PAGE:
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First Person

2015 September 17

anne lamott


Earlier this week, Slate published a piece by Laura Bennett titled “The First Person Industrial Complex.”  In it, Bennett chronicles a controversial story that appeared on Jezebel in February. That story, Bennett argues, is indicative of a disturbing trend in which young writers share their traumatic stories with the Internet for paltry (or more often no) pay, cruel comments, and Internet infamy. She writes,

“First-person essays have become the easiest way for editors to stake out some small corner of a news story and assert an on-the-ground primacy without paying for reporting. And first-person essays have also become the easiest way to jolt an increasingly jaded Internet to attention, as the bar for provocation has risen higher and higher. For writers looking to break in, offering up grim, personal dispatches may be the surest ways to get your pitches read.”

As both an avid essay reader and aspiring essayist myself, this article caught my attention and held it. Of course, some young writers are being exploited by this model. The juicier the story, the higher the Internet’s interest will be. Obviously, editors want their stories to go viral. They want as many eyes on their respective publications as possible. And in this age of voyeurism, that often means personal tragedies.

However, the piece also rankled me in that it seems to be disparaging these pieces as somehow lesser because they are so personal:

“Take a safari through these sections and the main impression—aside from despair at the exhibit of dire human experience on display—is that all the headlines tend to blur together.”

Bennett smashes together sites like BuzzFeed, Vox, Rookie, xoJane, and Jezebel, arguing that they’re all jostling for the same readers with the same salacious content. While it’s true that many of the headlines of these stories DO tend to follow a click bait template (I changed the title of my essay from “Any Other Name” to “After My Husband Left, I Kept His Name” after all), that dismisses the often heart wrenching, interesting, funny, and smart stories behind those attention-grabbing heads. There are so many beautiful stories to tell. And yes, many of them are sad or horrific or rage-inducing. That’s just what life is.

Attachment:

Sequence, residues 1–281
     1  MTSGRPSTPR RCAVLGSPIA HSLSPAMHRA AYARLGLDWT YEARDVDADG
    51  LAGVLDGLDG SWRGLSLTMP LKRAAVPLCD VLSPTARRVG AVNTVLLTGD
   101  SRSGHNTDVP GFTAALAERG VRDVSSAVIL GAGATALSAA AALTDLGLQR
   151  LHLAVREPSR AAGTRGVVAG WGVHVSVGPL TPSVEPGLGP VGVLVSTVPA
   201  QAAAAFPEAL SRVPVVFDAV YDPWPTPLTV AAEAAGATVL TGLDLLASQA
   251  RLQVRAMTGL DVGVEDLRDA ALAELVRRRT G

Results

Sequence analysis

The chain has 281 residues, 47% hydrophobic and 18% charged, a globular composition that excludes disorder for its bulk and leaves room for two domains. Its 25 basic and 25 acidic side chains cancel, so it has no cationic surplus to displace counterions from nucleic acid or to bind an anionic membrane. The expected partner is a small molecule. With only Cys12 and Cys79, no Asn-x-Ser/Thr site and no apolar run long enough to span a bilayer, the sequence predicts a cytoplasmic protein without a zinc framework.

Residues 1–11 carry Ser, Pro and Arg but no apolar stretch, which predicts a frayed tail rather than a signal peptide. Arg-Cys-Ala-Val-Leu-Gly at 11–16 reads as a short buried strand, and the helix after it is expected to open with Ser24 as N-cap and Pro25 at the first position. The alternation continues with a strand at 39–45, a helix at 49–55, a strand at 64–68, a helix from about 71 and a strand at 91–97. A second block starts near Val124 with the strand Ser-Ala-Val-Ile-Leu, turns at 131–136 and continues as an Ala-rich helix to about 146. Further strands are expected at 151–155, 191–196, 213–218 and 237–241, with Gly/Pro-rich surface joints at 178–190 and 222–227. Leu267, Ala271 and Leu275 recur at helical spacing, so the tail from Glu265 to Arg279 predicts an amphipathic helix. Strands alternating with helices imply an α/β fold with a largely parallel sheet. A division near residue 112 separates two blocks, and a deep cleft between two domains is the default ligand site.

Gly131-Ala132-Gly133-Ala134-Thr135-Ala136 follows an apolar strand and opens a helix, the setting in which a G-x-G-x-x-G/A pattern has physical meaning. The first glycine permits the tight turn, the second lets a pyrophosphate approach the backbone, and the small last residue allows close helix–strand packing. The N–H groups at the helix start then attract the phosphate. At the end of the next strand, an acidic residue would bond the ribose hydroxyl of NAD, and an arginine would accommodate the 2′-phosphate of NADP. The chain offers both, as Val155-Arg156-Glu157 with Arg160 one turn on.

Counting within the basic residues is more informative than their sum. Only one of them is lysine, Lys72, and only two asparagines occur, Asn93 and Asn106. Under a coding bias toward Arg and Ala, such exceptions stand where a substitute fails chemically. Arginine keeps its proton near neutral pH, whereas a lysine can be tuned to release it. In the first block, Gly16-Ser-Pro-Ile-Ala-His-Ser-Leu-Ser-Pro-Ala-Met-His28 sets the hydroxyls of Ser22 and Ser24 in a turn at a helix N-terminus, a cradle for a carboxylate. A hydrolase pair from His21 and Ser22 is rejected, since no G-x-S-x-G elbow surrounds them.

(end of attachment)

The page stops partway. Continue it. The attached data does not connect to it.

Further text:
I also felt the piece characterized editors as blood-thirsty word poachers, just waiting to harp on the unsuspecting victim by profiting from their stories. This has not been my experience. While I acknowledge that perhaps there is some exploitation of inexperienced writers taking place, these writers are also adults, and if they’ve seen the Internet, they’re aware that it can be an incredibly harsh, judgmental place. These editors are giving writers a voice, in many ways, and that voice is going to attract attention. Isn’t that why we write?

My editor at BuzzFeed gave me very thoughtful and respectful feedback. She didn’t try to shape the piece into something more salacious or “buzzy” than it was. In fact, she recommended that I cut out a portion of the essay that went into more detail about my husband’s affair–a suggestion that I took and am glad that I did. I’m thankful for all the work she did with me on the essay.

Luckily, these editors were given a chance to respond, and make some very good points about the nature of first person writing on the Internet. Perhaps most strikingly is the fact that many of these essays being viewed as “TMI”-type writing are being written by women. I was in Brooklyn this past weekend for the Slice Writing Conference (more on that to come) and during my time there, I took a nonfiction writing workshop with Erika Anderson. Titled, “Do It Your Way,” the workshop was structured to show us how to play with the traditional essay structure a bit. It was enormously helpful. The workshop was intimate–just four women. When Erika asked us what we felt our biggest challenges were in writing nonfiction, we all talked about the feeling that our voices are not adequate, that our lives are not important enough to write about. This is something I think many essayists struggle with. “Well, what makes my story worth reading? I’m just a white woman from Brooklyn/ Black woman from the suburbs/ Asian woman from the west coast/ etc. ”  I received several comments on my BuzzFeed piece saying it was boring, that I should find something else to “write” about (“write” was in quotes–I think that was one of my favorite comments). But why should I? It’s not self-centered to reflect on your experiences and impart them to others. It’s an attempt to reach out and make connections, to share and try to make sense of why we’re all here. Many, many people have reached out to me and said they went through a similar experience that I did, or that they knew someone who had, or that they appreciated the story. That more than cancels out the skeptics who don’t think our personal experiences are valid enough.

In response to our fears at the workshop, Erika reminded us that though many people may have written about divorce or disease or loss or love or race or sexuality or whatever, but no one has told our story the way we tell it. And I think that’s a really important reminder, especially when we just want to give up because it feels like there’s nothing new to say, that no one cares, that why would anyone want to read about my stupid, boring life? Because your stupid, boring life is yours. Own it. Write it. Share it. (Or not! That’s also your choice!).

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